Jayne Hornung, chief clinical officer – pharmacy, Managed Markets Insight & Technology, discusses her presentation on potential causes of the slow uptake in digital therapeutics among payers.
Pharmacy Times interviewed Jayne Hornung, chief clinical officer – pharmacy, Managed Markets Insight & Technology, on her presentation at the Asembia Summit 2022 on the reasons behind payers’ slow uptake on digital therapeutics despite their clearly promising benefits.
Question: What are some potential causes of the slow uptake in digital therapeutics among payers?
Jayne Hornung: Some potential causes are that the payers are not comfortable with the amount of studies that have been done on the digital therapeutics, and although they do have to follow an FDA approval process, it's not the same process that they're comfortable with the typical pharmaceuticals that are on the market today. So until we get payers comfortable with that process, and the studies behind that process, we're going to have slow uptake in the market.
Question: How has this slow uptake among payers impacted the delivery of patient treatment and care?
Jayne Hornung: So we still have patient treatment and care from our standard pharmaceuticals and cognitive therapy, where most of these digital therapies play today. So it's not interrupting the care that they receive today, but it would be a nice adjunct treatment to the care that they received today, and who knows how well patients could do on these therapies—well, we do know from some studies—in the broader population, how well people could do on these therapies, because they're just not on the market, so payers aren't paying for them.
Question: What did MMIT’s recent survey of managed care and specialty pharmacy professionals show regarding the potential causes of this slow payer uptake in digital therapeutics?
Jayne Hornung: One of the main causes of slow uptake is they don't believe that there is a lot of clinical outcomes behind the therapies. Many of the payers didn't even know a lot of the names of a lot of the therapies, so they're not familiar with them, and then when you're not familiar with something, you're likely going to not believe that it can do what it pledges it can do.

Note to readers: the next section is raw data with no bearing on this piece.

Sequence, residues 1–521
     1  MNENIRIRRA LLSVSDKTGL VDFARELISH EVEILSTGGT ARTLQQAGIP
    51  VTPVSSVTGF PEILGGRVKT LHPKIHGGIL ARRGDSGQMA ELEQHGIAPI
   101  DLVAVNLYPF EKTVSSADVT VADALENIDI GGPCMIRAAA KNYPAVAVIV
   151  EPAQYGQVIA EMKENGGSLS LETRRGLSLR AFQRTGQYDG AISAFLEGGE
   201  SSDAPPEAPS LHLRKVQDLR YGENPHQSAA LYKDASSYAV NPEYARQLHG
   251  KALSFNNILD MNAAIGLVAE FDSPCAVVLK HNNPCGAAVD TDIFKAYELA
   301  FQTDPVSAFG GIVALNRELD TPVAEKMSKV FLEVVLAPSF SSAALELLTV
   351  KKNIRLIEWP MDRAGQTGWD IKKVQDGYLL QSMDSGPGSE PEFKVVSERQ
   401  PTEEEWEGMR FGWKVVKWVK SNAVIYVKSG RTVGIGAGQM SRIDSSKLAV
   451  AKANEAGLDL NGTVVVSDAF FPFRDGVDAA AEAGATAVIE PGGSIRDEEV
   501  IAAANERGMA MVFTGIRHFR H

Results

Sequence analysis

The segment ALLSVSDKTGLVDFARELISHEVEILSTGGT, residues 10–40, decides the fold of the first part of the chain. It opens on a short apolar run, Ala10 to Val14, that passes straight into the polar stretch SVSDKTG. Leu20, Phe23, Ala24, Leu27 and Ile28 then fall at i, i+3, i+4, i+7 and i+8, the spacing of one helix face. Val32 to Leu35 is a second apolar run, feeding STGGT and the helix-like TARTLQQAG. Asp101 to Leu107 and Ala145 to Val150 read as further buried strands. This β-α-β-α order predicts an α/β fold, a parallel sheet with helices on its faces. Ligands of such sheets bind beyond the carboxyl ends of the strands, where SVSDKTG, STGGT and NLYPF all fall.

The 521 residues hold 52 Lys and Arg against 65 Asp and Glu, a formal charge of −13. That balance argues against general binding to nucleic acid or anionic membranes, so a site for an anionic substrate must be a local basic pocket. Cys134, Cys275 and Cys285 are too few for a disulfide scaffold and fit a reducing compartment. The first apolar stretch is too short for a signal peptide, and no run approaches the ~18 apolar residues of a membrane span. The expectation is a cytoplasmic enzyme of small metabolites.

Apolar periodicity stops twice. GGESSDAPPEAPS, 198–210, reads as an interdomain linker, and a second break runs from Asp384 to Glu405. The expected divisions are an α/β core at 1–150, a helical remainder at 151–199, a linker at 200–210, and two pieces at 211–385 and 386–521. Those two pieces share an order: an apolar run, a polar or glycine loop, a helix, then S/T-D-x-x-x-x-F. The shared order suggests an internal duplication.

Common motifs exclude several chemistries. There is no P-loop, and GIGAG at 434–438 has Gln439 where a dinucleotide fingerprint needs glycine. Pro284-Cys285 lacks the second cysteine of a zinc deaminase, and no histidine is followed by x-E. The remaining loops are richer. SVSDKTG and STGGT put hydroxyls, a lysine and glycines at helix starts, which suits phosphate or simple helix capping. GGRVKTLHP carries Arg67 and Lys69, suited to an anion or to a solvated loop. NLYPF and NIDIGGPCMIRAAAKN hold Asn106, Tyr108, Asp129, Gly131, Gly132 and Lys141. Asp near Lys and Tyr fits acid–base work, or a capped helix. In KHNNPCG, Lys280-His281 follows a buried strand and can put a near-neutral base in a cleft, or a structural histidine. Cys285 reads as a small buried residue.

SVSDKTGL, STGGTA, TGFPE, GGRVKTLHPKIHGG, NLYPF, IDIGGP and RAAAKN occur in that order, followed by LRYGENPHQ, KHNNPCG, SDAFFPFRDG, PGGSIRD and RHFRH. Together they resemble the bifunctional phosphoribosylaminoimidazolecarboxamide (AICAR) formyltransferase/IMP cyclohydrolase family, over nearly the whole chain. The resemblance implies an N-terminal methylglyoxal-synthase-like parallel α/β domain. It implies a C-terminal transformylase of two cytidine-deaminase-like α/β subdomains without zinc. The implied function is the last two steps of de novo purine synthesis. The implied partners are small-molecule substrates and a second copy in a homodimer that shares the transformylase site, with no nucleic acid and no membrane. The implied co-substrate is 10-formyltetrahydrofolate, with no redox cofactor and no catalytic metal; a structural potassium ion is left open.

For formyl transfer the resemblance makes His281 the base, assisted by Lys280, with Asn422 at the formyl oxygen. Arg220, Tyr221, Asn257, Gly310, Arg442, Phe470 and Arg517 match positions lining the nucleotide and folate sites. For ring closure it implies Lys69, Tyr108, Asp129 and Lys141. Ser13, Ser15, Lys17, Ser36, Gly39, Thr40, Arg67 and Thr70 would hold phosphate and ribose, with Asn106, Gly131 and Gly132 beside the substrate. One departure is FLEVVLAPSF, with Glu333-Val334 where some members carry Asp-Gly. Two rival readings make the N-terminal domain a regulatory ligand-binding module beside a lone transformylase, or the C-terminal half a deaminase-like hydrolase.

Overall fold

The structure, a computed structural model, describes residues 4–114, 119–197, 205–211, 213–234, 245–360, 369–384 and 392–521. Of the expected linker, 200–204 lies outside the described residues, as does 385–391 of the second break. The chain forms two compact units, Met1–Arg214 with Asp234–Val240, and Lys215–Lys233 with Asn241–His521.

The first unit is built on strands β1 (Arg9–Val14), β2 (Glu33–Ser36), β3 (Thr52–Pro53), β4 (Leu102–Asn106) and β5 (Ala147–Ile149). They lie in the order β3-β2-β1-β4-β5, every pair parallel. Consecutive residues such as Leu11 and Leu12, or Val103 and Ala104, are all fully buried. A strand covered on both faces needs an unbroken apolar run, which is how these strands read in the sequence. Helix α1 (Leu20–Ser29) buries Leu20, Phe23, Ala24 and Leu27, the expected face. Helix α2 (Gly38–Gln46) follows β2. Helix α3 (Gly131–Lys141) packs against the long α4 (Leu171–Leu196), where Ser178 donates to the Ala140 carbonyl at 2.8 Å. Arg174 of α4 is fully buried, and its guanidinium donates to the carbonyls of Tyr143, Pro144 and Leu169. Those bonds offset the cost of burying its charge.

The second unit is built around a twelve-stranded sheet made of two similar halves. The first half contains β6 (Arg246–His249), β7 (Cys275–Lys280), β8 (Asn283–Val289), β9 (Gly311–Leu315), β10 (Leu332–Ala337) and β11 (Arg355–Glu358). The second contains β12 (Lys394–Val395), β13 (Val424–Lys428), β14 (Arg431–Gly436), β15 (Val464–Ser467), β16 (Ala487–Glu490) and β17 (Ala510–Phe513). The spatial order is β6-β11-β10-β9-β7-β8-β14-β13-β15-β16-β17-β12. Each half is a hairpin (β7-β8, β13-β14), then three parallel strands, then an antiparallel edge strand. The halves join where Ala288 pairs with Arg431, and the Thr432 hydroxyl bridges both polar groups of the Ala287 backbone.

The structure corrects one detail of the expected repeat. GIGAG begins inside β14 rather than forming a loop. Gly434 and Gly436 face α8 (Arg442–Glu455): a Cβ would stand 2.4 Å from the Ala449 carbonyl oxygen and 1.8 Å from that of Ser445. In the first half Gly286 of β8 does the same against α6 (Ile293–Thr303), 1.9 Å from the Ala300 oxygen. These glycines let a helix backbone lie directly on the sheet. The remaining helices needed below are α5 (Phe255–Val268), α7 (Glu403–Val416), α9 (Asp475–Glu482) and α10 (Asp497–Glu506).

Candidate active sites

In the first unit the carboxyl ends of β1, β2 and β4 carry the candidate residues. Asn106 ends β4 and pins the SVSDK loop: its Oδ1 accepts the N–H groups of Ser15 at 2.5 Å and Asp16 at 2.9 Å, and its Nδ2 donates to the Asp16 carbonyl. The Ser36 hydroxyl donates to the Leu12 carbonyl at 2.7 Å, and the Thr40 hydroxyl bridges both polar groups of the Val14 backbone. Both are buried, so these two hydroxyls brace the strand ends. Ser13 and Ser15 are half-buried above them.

Question: What has been the impact of regulatory barriers on digital therapeutic adoption?
So there is no category or class for digital therapeutics today, when we think about Medicare and the USP model guidelines. So we need for Congress and the House to pass the act—I talked about it yesterday—that would allow for digital therapeutics to have their own categorization, and that will lead to allowing payers to put them on Medicare formularies or the medical benefit.
Question: What are some potential payer management strategies under the pharmacy benefit that could help to address these problems?
Jayne Hornung: If they could create a special class for them on the pharmacy benefit, if payers could offer a catalogue of options that they would create a payment pathway so that the employers could come to them and say, “Hey, we really want to use the app for chronic back pain for our employees that are working in a warehouse and are constantly up and down and have a lot of back problems, and we would need the pharmacy benefit to allow for coverage of these digital therapeutics through the pharmacy benefit.” They have to lay the groundwork in the structure in order for that to happen.